Efficiency of #edtech Repairs

For much of the history of computers in schools, the “timeliness” of repairs was ill-defined and repair deadlines were not critical. When computers were only one or two per classroom and they were only marginally used in the curriculum, a computer being inoperable for a few days or even weeks posed little disruption to students’ work. This was largely due to the fact that computers were simply replacing other technologies; for example, the middle school students I visited as an undergraduate replaced graph paper and pencils with computers to create graphs for their science fair projects. Most of the information those students created and consumed information was on paper, students could be engaged even when “the computers are down.” As computer rooms arrived, dysfunctional computers posed a greater obstacle to learning, but only if the number of students exceeded the number of operational workstations and as long as needed files were not on malfunctioning computers.

As electronic digital information and interaction has come to dominate, and computers have become vital to how information is accessed, analyzed, and created in diverse classrooms; it has become essential that malfunctioning computers be repaired in a timely manner, with timely being defined in hours or days rather than weeks. Especially in schools where one-to-one initiates are underway, teachers plan their lessons based on the assumption that students will have access to devices, so repairs need to be addressed quickly to minimize the disruption to learning that arise from broken computers. Responsive technology support systems, as a result, are designed to increase the efficiency of technicians so that the time between reporting it and it being resolved is minimal.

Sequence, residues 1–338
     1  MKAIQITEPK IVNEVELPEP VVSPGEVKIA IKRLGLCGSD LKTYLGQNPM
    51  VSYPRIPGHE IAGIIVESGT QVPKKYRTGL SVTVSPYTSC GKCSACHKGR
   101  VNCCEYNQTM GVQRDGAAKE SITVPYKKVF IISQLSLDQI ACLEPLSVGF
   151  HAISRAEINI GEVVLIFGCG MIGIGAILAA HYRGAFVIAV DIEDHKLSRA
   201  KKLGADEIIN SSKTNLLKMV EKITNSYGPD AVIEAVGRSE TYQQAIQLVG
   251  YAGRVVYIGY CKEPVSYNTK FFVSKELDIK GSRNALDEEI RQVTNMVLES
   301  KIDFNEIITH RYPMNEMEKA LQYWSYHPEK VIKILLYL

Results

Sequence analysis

IT professionals adopt several strategies to increase their efficiency. Interesting almost all malfunctioning IT can be traced to software; files become corrupt, new devices or new hardware introduce conflicts, and other temporary faults are introduced with updates. Almost all of these software problems can be avoided or resolved with a few strategies. Imaging allows technicians to reset the software on entire systems, freezing prevents changes to the software in systems, and remote access systems allow technicians to log on to computers that are connected to networks from remote locations and then affect software repairs.